According to the Special Edition Soundtrack bonus disc, Mary Poppins was George's own nanny when he was a child. Travers intended to have the script hint this strongly in a few places, but it was largely left out of the movie, except for the following words in Bert's opening song, "Can't put me finger on what lies in store ... But I feel what's to 'appen, all 'appened before ...!" and George's own statement to the elder Mr. Dawes identifying "Poppins" as "my nanny". However, in Banks' initial interview with Mary Poppins, there is little or no indication that the two have ever met before, and his description of her as "my nanny" could easily mean "the nanny I have employed to look after my children during the day" or even "my maid" or "my cook".

Mrs. BanksEdit

Winifred Banks is the wife of George Banks and the mother of Jane and Michael. She is more fully developed in the film than in the books. She is depicted as a member of Emmeline Pankhurst's suffragette movement and appears to be so dedicated to the women's cause to the extent that she, like her husband, neglects the children. Her main outfit is a blue and orange Edwardian-style dress with a white and blue sash that reads "Votes for Women" in black letters. She wears white gloves in the film (as did most Edwardian English women) and a stylish hat. Her song in the film is "Sister Suffragette", which she sings with the other two women of the household staff. She is mostly responsible for the primary duty which is "Posts, everyone!", a simple way to protect elegant and delicate household items (such as vases or pictures) from destruction when Mr. Binnicle fires the cannon on top of Admiral Boom's house next door. She is also given yellow daisies by her son Michael one morning as he and his sister are singing "Supercalifragilisticexpialidocious."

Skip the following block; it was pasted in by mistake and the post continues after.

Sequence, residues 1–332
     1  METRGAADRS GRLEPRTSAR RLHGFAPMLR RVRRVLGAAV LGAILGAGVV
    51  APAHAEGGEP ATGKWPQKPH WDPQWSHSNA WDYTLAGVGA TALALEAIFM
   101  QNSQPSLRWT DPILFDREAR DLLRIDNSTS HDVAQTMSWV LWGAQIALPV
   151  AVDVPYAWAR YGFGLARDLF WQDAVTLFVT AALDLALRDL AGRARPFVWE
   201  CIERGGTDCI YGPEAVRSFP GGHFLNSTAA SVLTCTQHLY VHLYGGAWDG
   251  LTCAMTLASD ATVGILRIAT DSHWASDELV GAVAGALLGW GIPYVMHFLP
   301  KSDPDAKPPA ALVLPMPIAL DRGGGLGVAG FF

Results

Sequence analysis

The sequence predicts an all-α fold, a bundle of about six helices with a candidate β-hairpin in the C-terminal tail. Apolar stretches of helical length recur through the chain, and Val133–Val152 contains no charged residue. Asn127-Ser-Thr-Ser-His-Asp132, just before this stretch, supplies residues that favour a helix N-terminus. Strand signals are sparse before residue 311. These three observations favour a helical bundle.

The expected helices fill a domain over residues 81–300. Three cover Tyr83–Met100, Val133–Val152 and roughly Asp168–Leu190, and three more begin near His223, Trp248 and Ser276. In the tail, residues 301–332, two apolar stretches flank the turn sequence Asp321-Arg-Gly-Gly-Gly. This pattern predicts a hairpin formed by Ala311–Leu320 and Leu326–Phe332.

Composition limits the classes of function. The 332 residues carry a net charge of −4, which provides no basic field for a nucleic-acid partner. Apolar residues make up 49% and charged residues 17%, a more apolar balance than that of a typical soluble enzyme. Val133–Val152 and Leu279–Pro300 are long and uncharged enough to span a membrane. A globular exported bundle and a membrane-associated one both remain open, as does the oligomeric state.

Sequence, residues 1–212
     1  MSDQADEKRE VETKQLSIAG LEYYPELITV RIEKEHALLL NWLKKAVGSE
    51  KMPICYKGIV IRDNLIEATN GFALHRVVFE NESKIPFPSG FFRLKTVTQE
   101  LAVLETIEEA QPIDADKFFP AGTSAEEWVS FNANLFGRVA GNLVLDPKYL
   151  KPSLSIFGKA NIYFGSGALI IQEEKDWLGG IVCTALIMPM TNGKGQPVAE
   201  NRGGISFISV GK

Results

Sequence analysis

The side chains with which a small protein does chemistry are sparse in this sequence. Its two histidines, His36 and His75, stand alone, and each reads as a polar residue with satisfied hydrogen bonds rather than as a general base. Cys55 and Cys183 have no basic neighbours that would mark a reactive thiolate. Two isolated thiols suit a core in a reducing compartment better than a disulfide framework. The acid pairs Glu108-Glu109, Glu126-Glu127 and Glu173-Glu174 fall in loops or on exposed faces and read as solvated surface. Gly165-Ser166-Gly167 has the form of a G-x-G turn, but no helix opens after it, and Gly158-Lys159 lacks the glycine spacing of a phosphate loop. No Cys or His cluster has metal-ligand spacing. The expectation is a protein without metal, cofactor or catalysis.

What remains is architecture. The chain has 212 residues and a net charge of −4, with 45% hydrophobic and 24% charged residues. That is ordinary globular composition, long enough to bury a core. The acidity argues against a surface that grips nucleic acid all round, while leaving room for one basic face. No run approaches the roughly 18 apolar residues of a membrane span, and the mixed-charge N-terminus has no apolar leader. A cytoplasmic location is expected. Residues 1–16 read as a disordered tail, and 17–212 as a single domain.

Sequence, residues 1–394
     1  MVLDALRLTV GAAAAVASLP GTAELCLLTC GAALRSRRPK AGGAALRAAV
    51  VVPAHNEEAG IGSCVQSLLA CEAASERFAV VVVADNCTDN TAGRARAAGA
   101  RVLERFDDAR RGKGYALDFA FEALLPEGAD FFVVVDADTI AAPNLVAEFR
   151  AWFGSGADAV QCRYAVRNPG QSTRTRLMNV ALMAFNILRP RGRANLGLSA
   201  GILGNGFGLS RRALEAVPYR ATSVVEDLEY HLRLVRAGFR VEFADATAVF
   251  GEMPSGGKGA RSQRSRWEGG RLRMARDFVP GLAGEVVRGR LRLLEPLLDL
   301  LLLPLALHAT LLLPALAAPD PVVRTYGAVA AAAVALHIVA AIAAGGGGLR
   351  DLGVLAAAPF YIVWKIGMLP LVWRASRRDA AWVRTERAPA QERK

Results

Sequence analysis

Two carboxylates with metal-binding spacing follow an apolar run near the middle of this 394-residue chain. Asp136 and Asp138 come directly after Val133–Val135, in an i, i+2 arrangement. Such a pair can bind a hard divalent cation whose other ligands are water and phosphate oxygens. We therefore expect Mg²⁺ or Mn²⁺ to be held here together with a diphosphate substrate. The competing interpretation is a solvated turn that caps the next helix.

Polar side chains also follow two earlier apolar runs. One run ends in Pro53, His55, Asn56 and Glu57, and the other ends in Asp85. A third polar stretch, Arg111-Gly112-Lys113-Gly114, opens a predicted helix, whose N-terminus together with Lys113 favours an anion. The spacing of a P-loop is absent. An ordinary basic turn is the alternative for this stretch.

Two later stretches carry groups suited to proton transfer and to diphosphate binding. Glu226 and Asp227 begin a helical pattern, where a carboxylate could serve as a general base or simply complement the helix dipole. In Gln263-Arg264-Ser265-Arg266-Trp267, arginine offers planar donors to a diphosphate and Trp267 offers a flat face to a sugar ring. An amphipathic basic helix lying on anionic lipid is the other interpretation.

She is more sensitive to the needs of the children than her husband is, but also finds herself starved for his attention. As with the children, it is clear she loves George very much, but he is too wrapped up in his view of the way things "ought to be" to return her love satisfactorily. Mrs. Banks was originally named "Cynthia", but this was quickly changed to the more "English-sounding" Winifred after some issues with the script.

Mrs. Banks' four "Votes for Women" sashes from the film have all survived and are in perfect condition. One can be seen being "pulled out" of Richard M. Sherman's "special musicians' trunk" on the Musical Journey seen on the 2004 DVD release.